The Oxford Collection run Jamon Masterclass as part of staff training
Staff working for The Oxford Collection are given the opportunity to increase their knowledge and skills with Masterclasses held throughout the collective. Priding themselves on quality food, drink and equipment The Oxford Collection also invests time into their staff to help them do the best job.
Ivan Palencia Ruiz, dedicated Restaurant Manager at Gees, recently shared his personal experience participating in Gees’ Wine Masterclass and more recently has taken the lead, giving insight into another masterclass recently held at Quod. Teaching the delicate art of slicing Spanish Jamon.
Organised by Gosia Coloszynska, Quod’s senior restaurant manager, a team of six front-of-house ‘collectives’ were invited to participate. The team gained a thorough understanding of the process, quality, and history of the art, as well as the practical skills to cut the perfect slice.
Ivan says, “It was a pleasure to share my knowledge and Quod’s team made me feel really welcome…
Born and bred in Toledo, I have grown up surrounded by this antique legacy, and it makes me feel incredibly proud that The Oxford Collection gave me the opportunity of sharing my knowledge and culture, that I am hoping will resonate with my new colleagues!”
“We were provided with a 100% acorn-fed Jamon DOP Dehesa de Extremadura and in turn, we all had the chance to show our skills in preparing, slicing and distinguishing the different parts of the Jamon, along with its identifying characteristics.”
The legend that lead to the origin of Jamon
The first legend in Spain tells the story of a Roman shepherd who lost one of his pigs and eventually found him by the river near a salt mine. Upon cooking the pig, he realised the flavour on its legs was more accurate and intense. From that moment on, they began the process of burying pigs’ legs in salt for a longer period of time to achieve that distinct taste.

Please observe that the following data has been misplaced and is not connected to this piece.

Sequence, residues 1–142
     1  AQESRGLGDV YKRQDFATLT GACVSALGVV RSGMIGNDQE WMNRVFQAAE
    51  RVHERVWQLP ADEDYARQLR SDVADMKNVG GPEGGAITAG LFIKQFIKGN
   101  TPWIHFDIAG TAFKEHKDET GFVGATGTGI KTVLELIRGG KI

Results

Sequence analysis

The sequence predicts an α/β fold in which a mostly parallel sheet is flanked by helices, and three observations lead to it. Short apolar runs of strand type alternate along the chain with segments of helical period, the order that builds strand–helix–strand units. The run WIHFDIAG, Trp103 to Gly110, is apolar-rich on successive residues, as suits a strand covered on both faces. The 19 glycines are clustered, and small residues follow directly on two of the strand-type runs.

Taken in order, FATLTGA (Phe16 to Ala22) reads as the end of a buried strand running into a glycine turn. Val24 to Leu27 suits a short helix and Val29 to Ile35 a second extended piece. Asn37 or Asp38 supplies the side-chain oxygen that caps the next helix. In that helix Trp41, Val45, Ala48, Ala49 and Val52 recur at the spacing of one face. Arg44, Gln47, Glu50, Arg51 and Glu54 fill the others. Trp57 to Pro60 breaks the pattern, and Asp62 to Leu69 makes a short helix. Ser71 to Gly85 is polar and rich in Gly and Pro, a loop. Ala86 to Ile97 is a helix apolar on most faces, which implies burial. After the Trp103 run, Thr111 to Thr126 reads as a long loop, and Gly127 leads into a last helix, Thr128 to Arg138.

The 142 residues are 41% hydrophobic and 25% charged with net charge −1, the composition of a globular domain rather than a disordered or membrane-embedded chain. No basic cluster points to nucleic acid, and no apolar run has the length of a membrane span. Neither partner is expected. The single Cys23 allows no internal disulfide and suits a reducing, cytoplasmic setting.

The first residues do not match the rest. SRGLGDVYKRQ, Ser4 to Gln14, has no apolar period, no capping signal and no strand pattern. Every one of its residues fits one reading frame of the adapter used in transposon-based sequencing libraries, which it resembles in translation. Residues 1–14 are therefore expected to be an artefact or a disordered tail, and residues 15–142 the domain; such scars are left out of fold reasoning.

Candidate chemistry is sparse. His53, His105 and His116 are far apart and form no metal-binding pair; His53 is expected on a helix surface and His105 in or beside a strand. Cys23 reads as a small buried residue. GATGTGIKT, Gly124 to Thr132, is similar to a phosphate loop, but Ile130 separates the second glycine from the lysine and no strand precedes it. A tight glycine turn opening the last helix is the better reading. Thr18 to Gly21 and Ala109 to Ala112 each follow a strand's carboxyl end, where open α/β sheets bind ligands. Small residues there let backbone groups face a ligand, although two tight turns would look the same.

Ivan explains, “When you are able to understand all the effort, process and requirements to obtain such a good product as Jamon, you are gifted with the incredible capacity to enjoy those notes at 100%.”
Ivan continues to describe the importance of training, “Slicing Jamon has a high risk of cutting or even stabbing yourself if you are not careful enough. However, if you receive professional training, the risks drop to the minimum! The most important part is your position when cutting and where you place your hand…Always above the knife, holding the Jamon. That is why training is so important for our staff, to keep helping them in the development of their careers.”
The participants were able to take away three top tips covered by Ivan in the Masterclass
1. The ‘mise-en-place’
“As hygiene is really important! Keeping your working area tidy will help you to maintain focused and relaxed.”
“You must know your knives, keeping them clean and sharp. Doesn’t matter how good you think you are, if you don’t have the proper knives to work with, you will not be able to give your all…I personally use three different knives, the ‘jamonero’, a 28cm blade length to slice (the dimensions change according to the size of your hand), the ‘puntilla’, a shorter thicker and stronger knife, used to separate the meat of the bone and maximise the efficiency of our ham, and the ‘carnincero/butcher’s knife’, used to peel the leather of the jamon, tendons, even separate bones.”
3. The perfect slice
“When you are slicing the ham, it is not about how thin or long you can make it. A perfect slice must be between 1.5in and 2in. Masters say that the proper slice has to be thin enough to be able to read a newspaper through it.”